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Friday, September 2, 2011

Conflicting Emotions

I got introduced to Jack Higgins a few weeks ago at a friend's place during one of those periods when visiting and one is left by oneself. To take care of those kinds of period I am almost never without something to read, and so it was on that day. I had my own book, but I was drawn irresistibly to the array of books on my friend's table. After looking through everything, I decided to find out what Mr Jack Higgins had to offer. On the very first page of the book titled Eye of the Storm, Jack Higgins introduced me to Sean Dillon. Now, Sean Dillon is supposed to be a political mercenary of sort, ready to the job if he felt the job was right and the money equally if not more so. Sean Dillon, according to Jack Higgins, is a small Irish man with an extra-ordinary ability for altering his appearance without too much, he could speak different languages like the natives of those languages however with a weakness for a particular type of wine (Krug) and a perhaps unconscious penchant for whistling a particular (Irish) tune. One thing stood Dillon out from all other hit men, he had an extra-ordinary success rate, and the international intelligence community had been looking for him without success for over 20 years! He was, well-nigh invincible.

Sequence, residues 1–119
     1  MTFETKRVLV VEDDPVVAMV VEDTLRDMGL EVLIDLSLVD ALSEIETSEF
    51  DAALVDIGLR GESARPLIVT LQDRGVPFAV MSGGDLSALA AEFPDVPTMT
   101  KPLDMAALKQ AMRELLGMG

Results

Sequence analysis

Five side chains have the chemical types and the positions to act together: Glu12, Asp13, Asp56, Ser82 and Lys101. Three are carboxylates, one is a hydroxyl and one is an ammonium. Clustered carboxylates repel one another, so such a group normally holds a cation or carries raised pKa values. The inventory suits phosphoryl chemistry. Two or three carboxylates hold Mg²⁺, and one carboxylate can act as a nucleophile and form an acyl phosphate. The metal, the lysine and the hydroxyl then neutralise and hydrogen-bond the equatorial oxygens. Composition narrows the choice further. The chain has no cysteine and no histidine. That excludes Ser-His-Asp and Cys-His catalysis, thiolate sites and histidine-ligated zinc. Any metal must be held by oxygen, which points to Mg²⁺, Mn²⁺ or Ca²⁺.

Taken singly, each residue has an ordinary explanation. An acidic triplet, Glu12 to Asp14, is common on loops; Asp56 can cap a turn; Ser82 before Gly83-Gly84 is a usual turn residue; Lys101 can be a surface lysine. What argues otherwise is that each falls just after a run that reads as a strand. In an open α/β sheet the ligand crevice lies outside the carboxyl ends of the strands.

Actually, Higgins introduced me to two main character; Sean Dillon already mentioned, and Martin Brosnan, both of them quite remarkable, each aware of the other's existence, one supposedly a bad guy (when I was younger, we used to refer to the bad guys in films as the "boss" while the good guy is the "actor"), while the other (Martin Brosnan), a hitherto-not-so-good guy turned quite-good guy. The authorities had to enlist the help of Brosnan to apprehend Dillon, and he almost succeeded too! But I am getting quite ahead of myself. What makes Eye of the Storm so remarkable and thus worth sharing with everyone is not so much the story it tells, quite good as it is, it is actually the emotions the story as it unfolded elicited in me. Like I said earlier, The author of the book introduced me to well, the not-so-good-guy Dillon on the first page, and either he forgot to portray Dillon as the bad guy that he is supposed to be, or, more accurately, he also must have a secret admiration and thus have a sort of love-hate feeling/relationship for/with Dillon. And so because of the author's oversight or deliberate decision not to let the readers see Dillon as he is really supposed to be, I kind of started a sort of relationship with him, I of course was aware that he had been contracted by some (hateful) people to carry out some really horrible task (blowing up Margaret Thatcher or any other person equivalent to her in the Western world), but rather than hate Dillon for accepting to do such a horrible thing, I rather invested my hatred for the people that contracted him to do the job while praying that he should fail at the job but SHOULD NOT get caught in the process of doing the job! I got introduced to Martin Brosnan on the 55th page of the book. I of course took a liking to him immediately though his had been sought for the capture of Sean Dillon and he had vowed that this time, Dillon would not get away. Now I was interested in who would prevail out of the two men and guess what? I was actually rooting for both men! At the end of it all, Dillon almost succeeded in his task (thank God he didn't, I would have hated him for sure!), in-between that time, he behaved so unfeelingly towards a member of is family that helped, in fact, killing the poor old man in the process (I swear I surely hated him at that time and almost prayed that he got caught!). As for Brosnan, he also almost succeeded in his task of finally stopping Dillon permanently. I in fact thought he had succeeded when Dillon was shot twice in the chest and "died". At that time, I was very disappointed at how easily Dillon had died. I mean, this is SEAN DILLON we are talking about! He shouldn't just die like any and every other mere mortal! or should he? I was terribly disappointed I tell you, though I was grudgingly happy for Brosnan, he appeared to be the better man or else he wouldn't have won now, or would he? Well, Higgins proved his soft spot for Dillon once again when Dillon resurrected! As it happened, he had on velcro bullet proof vest all the while, and it surely helped that he had been shot in the part of his body that was protected by the vest. I was happy again! What shocked me most was the fact that I could be on the good side as well as on the side of someone that could be termed to be a terrorist! How could I? I am always on the side of the good people! But I think, Higgins was very unfair to me, he had written the story in such a way that whilst not approving of what Dillon had been contracted to do, I almost approved of Dillon himself as a man and did not want him to get caught. I prayed (God help me!) for his survival (can you just imagine that!). I was sad when it appeared he had been killed and was happy when it turned out he didn't die after all. As for Higgins, he not only tells a good story, he knows how to tell it too. This is very important to me because the telling is just as important as the story. And I suspect, that for Jack Higgins and I are, Eye of the Storm is going to be the start of a long and very interesting relationship!